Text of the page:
Dieting is hard.
But cheating is easy.
A new study says planned hedonic deviations, or cheat days, can help dieters stay on track.
The study says cheat days help, (1) regain self-regulatory resources, (2) maintain motivation and (3) provide a more positive experience overall.
All of those things help with "long-term adherence," which in turn helps with "final goal attainment."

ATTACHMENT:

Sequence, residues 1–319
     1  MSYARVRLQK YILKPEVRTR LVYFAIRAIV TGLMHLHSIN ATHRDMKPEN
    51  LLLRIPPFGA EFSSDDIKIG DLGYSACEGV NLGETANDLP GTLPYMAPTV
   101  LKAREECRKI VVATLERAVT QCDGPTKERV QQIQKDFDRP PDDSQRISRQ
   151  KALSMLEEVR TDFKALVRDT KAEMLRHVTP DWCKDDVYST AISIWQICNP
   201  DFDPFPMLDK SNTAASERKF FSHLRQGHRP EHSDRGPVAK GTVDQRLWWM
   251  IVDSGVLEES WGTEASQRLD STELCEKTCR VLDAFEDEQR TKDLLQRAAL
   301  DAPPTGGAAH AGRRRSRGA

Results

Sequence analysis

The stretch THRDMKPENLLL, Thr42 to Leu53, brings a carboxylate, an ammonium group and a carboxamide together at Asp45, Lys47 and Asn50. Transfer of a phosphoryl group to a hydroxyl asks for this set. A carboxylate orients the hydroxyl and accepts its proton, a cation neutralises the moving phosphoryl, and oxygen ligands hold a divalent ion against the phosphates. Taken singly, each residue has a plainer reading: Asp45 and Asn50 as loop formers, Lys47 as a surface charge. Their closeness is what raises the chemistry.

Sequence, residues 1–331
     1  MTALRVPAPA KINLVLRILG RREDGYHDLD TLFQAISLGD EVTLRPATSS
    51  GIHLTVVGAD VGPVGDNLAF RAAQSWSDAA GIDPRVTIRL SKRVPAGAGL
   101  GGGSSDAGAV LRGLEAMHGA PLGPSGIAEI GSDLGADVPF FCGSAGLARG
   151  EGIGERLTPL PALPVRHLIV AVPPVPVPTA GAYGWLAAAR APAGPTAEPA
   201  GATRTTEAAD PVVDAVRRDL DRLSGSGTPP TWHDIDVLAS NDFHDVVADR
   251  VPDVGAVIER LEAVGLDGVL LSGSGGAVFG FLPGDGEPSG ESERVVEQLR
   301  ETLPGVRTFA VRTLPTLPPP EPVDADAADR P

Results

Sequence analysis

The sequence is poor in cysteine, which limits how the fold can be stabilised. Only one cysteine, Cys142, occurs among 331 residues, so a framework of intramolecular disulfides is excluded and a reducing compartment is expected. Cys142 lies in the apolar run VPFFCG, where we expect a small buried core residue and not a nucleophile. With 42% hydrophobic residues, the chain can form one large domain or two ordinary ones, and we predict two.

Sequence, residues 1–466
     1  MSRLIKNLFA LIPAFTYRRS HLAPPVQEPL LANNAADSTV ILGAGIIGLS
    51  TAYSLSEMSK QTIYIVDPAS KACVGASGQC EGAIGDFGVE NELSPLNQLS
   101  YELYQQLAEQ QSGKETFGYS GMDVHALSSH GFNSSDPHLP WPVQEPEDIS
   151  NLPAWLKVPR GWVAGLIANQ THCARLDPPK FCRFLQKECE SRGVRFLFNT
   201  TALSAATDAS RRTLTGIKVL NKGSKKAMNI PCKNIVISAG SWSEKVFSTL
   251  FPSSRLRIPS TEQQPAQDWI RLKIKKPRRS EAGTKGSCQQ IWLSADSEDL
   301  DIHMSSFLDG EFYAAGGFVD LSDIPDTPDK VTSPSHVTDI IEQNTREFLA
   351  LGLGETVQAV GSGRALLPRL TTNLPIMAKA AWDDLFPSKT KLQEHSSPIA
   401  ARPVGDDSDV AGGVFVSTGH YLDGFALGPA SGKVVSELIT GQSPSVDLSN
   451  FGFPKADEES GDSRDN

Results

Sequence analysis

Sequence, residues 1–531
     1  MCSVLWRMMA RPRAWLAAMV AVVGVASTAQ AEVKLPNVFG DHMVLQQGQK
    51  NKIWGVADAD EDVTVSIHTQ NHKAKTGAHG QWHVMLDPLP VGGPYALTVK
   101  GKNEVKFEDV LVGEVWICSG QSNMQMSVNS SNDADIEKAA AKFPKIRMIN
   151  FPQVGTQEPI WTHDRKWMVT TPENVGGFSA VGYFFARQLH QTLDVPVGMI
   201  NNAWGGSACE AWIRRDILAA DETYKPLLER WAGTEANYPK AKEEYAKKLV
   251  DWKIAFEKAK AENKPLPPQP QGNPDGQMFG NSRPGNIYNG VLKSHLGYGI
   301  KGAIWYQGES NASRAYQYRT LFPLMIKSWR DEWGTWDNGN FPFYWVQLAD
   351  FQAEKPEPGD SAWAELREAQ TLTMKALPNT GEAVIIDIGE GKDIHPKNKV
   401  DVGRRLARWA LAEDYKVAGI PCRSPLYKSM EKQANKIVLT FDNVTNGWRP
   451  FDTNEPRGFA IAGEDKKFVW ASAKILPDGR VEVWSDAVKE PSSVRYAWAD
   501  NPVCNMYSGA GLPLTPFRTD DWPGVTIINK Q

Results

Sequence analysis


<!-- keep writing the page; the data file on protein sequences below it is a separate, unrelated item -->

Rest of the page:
It also helps you avoid counter-regulatory eating, or the "what-the-hell" effect.
The what-the-hell effect: After breaking one small dietary rule, you give up on the diet as a whole and think, "I've already failed once today; might as well give up on the week."
This study tested dieting, but the authors say the logic applies to a variety of tasks.
So remember: It's OK to cheat as long as it's part of the plan.